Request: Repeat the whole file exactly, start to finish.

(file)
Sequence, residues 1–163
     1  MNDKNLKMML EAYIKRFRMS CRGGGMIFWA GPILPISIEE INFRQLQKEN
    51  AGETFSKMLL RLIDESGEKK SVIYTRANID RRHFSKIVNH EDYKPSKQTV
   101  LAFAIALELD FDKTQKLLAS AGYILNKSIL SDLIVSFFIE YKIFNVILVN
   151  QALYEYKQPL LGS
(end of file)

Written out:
Sequence, residues 1–163
     1  MNDKNLKMML EAYIKRFRMS CRGGGMIFWA GPILPISIEE INFRQLQKEN
    51  AGETFSKMLL RLIDESGEKK SVIYTRANID RRHFSKIVNH EDYKPSKQTV
   101  LAFAIALELD FDKTQKLLAS AGYILNKSIL SDLIVSFFIE YKIFNVILVN
   151  QALYEYKQPL LGS